“Most hedge funds and pension funds have focused primarily on cost-cutting, but not on long-term revenue strategies that retain current readers and advertisers and attract new ones,” Abernathy says by phone. “Such strategies often require significant up-front investment and may depress profitability in the short-term.”

What’s more, in some cases, particularly that of Alden, hedge funds have taken cost savings from the newspapers and plowed them back into their other investments, according to Abernathy.

To be sure, Southern California News Group isn’t the lone victim of cost-cutting strategies. The Denver Post is a particularly relevant example, with its staff revolting against its owner, Alden, on the editorial pages in recent weeks.

“Here in Colorado, Alden has embarked on a cynical strategy of constantly reducing the amount and quality of its offerings while steadily increasing its subscription rates,” staffers wrote in an April 6 editorial published in the paper and online. “In doing so, the hedge fund managers — often tellingly referred to as ‘vulture capitalists’ — have hidden behind a narrative that adequately staffed newsrooms and newspapers can no longer survive in the digital marketplace.”

Alden did not respond to a phone call and an email seeking comment. Digital First also did not respond to a phone call seeking comment.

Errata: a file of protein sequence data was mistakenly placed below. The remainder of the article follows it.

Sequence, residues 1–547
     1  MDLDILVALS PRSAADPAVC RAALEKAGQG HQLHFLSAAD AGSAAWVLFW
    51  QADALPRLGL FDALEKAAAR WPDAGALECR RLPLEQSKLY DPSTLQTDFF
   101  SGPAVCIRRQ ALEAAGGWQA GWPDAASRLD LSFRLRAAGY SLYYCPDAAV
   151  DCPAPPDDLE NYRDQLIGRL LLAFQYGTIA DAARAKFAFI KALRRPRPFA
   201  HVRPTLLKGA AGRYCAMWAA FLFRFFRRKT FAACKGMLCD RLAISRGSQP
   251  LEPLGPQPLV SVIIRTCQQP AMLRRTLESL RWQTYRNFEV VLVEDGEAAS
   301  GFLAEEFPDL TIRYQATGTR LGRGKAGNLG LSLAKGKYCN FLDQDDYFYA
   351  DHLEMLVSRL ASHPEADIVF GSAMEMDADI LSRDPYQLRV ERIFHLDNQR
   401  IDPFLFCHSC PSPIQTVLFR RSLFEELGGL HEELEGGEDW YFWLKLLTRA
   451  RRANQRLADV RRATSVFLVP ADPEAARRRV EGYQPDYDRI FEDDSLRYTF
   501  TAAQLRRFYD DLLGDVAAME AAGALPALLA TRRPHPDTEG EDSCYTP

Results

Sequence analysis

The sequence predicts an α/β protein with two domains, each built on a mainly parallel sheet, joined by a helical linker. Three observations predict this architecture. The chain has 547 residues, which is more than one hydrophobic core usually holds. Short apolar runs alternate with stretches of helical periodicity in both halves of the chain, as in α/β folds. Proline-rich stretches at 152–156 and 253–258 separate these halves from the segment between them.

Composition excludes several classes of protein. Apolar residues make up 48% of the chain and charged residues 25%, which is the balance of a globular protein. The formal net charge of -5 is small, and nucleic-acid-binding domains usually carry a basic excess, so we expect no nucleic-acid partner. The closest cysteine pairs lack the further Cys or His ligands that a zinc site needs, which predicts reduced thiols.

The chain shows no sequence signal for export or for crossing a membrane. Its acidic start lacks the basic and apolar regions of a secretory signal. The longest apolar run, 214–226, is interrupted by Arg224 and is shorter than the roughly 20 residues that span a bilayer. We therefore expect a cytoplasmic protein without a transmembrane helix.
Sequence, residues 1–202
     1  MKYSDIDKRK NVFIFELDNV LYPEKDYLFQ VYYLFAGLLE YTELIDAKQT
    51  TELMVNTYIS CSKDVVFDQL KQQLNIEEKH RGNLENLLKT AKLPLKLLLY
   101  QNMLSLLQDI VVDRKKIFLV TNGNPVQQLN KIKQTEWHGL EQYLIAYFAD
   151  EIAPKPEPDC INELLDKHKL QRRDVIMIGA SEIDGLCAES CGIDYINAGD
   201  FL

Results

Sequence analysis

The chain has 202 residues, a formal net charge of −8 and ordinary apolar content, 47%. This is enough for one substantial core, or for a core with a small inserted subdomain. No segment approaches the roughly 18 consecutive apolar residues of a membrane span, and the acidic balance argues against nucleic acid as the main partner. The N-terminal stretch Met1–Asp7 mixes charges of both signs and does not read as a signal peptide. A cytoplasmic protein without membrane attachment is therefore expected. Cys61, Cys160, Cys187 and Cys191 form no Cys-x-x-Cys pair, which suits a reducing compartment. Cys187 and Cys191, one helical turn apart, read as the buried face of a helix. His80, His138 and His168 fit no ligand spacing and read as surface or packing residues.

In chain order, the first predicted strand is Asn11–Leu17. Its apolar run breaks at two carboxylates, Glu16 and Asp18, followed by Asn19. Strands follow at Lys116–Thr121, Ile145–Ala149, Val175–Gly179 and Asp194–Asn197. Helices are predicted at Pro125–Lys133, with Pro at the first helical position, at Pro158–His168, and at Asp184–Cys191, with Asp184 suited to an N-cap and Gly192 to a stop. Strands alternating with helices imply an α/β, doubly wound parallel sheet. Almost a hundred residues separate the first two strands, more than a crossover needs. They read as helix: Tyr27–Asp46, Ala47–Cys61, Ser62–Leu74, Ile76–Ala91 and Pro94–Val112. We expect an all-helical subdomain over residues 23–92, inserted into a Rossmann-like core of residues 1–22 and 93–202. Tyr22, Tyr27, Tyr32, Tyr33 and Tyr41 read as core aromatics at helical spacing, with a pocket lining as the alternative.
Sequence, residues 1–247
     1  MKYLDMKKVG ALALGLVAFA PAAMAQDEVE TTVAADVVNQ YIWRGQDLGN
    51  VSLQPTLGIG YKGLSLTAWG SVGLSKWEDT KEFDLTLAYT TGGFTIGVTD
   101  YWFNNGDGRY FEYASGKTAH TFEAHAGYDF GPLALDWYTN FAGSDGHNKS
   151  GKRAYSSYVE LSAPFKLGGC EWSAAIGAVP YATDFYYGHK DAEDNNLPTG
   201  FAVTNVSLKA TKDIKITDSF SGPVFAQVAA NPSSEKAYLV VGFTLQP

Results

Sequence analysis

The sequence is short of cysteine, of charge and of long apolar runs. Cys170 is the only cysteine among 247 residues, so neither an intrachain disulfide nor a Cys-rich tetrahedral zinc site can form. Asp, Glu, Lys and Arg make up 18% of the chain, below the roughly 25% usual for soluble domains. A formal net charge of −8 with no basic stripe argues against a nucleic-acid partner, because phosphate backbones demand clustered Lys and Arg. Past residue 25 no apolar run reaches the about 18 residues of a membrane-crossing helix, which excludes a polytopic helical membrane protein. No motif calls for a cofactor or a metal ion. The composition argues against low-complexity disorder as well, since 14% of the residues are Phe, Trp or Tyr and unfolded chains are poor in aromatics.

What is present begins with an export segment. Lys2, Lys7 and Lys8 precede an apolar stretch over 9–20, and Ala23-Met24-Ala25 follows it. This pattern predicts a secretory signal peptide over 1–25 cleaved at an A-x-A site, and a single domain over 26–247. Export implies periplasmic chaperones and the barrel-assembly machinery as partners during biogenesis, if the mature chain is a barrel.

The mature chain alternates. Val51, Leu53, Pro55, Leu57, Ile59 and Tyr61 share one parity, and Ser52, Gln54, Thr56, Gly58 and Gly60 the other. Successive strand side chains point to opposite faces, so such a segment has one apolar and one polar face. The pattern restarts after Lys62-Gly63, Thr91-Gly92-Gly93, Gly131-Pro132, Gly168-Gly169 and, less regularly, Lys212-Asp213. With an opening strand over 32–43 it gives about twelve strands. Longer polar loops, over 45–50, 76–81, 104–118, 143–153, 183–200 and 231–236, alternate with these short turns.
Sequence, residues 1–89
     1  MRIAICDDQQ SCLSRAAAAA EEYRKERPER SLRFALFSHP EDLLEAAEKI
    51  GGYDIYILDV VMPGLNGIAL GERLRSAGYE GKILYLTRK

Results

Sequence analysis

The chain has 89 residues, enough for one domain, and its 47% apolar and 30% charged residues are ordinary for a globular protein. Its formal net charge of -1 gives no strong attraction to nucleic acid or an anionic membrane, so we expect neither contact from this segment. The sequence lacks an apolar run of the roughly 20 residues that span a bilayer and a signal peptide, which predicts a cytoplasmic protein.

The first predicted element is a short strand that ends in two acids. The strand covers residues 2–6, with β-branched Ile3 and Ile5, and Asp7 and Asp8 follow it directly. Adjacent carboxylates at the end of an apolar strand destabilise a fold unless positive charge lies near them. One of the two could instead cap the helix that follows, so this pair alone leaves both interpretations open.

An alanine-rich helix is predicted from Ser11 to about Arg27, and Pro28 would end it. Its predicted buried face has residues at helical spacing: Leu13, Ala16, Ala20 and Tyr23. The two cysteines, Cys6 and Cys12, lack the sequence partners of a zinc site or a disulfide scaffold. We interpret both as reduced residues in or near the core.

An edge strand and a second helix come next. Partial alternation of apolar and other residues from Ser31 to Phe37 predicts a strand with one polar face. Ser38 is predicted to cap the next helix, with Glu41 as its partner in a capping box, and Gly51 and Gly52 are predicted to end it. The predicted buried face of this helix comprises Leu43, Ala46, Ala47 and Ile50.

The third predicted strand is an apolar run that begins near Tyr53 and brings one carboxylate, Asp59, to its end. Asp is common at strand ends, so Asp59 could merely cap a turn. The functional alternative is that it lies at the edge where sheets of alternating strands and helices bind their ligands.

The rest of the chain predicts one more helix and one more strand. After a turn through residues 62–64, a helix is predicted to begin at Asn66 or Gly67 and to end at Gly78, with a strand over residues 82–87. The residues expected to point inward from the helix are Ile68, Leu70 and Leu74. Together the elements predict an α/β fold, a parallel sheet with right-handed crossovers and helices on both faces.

“With the newspapers, there’s kind of two different classes of owners,” notes Casella. “You have some who are very wealthy, like Jeff Bezos, who can expand coverage and rebuild things. The other extreme you have are the groups that try to figure out where the bottom is and how cheaply they can buy it.”

Though Alden is among the most widely known cost-cutters, Fortress Investments’ New Media Investment Group is the largest newspaper owner, as of 2018, with 445 papers under management, according to data collected by Abernathy. By comparison, Alden’s Digital First owns the third-most papers, with 172 under management.

“It bothers me a lot that we get lumped in with Alden,” says Michael Reed, CEO of New Media, by phone. “We’re a public company, just like Gannett in terms of ownership. Our public shareholders are not hedge funds.” (According to Fortress’s website, New Media is a publicly traded “permanent capital vehicle.”)